SpaceX Dragon time: When does SpaceX Dragon return? LIVE FEED

The SpaceX Crew Dragon made history last week after successfully docking with the International Space Station (ISS). The event saw the SpaceX Crew Dragon became the first commercial spacecraft designed for astronauts dock with the orbiting space laboratory. And today sees the SpaceX Crew Dragon attempt its most dangerous test yet, all of which can be watched on a SpaceX live feed.

The debut test flight of the SpaceX Crew Dragon capsule will end dramatically today.

The distinctively shaped SpaceX spacecraft will uncouple from the ISS and attempt to re-enter Earth’s atmosphere.

If all goes according to plan, the Crew Dragon will splash-down in the Atlantic Ocean using four parachutes.

The SpaceX Crew Dragon will aim to land 200 miles off the US East coast, at around 12.30pm GMT (7.30am ET).

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This is the last major milestone of the SpaceX Crew Dragon mission and the greatest challenge the capsule faces yet.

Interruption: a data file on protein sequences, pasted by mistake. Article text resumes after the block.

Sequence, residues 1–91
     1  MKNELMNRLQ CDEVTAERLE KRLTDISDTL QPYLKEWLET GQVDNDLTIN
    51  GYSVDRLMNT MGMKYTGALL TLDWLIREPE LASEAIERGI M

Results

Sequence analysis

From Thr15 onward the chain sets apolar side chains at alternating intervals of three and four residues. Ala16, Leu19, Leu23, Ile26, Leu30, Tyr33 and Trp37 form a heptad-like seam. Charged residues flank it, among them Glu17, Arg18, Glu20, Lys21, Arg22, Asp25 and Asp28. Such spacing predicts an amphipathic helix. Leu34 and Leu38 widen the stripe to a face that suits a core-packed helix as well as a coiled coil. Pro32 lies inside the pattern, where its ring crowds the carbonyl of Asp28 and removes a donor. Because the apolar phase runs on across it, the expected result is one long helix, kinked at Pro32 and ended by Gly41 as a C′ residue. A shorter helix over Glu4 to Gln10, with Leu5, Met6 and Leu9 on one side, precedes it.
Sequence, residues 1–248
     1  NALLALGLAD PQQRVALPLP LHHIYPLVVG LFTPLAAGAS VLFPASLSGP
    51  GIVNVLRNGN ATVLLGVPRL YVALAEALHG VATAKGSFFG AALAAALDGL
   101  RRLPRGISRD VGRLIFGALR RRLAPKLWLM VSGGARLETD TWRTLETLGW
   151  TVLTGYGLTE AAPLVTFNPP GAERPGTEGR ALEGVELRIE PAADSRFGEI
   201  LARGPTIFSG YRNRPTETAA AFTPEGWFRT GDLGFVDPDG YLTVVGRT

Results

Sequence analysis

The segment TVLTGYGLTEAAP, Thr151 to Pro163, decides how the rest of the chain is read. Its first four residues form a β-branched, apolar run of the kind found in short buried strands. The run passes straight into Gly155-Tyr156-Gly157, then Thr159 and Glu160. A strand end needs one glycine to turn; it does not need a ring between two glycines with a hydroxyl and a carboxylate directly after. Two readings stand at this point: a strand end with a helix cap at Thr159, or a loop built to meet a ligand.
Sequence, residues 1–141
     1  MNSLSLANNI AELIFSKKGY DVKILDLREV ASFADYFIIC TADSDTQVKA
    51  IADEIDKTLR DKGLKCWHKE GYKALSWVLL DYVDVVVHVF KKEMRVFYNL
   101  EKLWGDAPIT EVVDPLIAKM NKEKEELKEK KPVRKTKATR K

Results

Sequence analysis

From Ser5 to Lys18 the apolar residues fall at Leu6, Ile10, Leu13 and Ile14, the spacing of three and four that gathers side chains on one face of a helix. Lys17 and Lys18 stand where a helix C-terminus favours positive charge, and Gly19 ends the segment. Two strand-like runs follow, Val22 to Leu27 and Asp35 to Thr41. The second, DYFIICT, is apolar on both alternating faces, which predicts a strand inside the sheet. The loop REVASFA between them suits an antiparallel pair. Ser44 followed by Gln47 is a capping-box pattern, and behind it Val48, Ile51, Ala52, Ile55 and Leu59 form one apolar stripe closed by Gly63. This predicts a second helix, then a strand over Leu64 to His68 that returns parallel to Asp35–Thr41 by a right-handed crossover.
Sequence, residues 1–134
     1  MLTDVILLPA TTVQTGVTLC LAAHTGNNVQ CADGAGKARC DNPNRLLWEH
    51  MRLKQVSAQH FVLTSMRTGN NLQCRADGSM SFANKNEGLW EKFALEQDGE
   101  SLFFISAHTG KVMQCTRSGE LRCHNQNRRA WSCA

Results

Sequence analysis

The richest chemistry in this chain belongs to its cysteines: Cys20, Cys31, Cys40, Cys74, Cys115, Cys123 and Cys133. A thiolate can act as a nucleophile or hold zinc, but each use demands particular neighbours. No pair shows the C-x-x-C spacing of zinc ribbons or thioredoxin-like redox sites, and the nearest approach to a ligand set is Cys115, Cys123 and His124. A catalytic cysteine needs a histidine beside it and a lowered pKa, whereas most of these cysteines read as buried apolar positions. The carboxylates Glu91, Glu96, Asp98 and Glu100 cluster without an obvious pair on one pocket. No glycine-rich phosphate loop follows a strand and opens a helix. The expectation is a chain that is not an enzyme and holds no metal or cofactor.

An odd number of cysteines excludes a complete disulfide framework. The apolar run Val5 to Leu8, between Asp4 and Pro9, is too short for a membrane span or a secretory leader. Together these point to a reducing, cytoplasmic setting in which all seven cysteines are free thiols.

US space agency NASA is live streaming the Crew Dragon landing, which can be watched HERE.

Elon Musk wants this test mission to prove the Crew Dragon’s asymmetrical shape and cutting-edge parachute system can survive the perilous plunge through Earth’s atmosphere, while protecting its cargo.

Although designed to carry up to seven passengers, none will be inside Crew Dragon when it attempts re-entry this afternoon.

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The only payload, a dummy nicknamed Ripley, is loaded with sensors to gather data on the forces humans can expect to experience in the craft.

But as a vital part of NASA’s Commercial Crew Program, SpaceX’s vehicle will eventually be tasked with ferrying NASA astronauts to the ISS in the years ahead.

Crew Dragon will of course have to bring them back to Earth safely afterward.

The Crew Dragon’s landing technique is similar to that of its predecessor, SpaceX’s Dragon cargo capsule, which has been ferrying supplies to and from the ISS since 2012.

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After re-entering Earth’s atmosphere from space, the SpaceX cargo capsule deploys parachutes in order to safely splash-down in the Pacific.

But it has been decades since people have returned from space this way.

NASA astronauts used to land in the ocean via parachutes during the Gemini, Apollo, and Skylab missions of the 1960s and 1970s.

But since NASA’s Space Shuttle started flying in the 1980s, all astronauts have returned to terra firma when returning from space.

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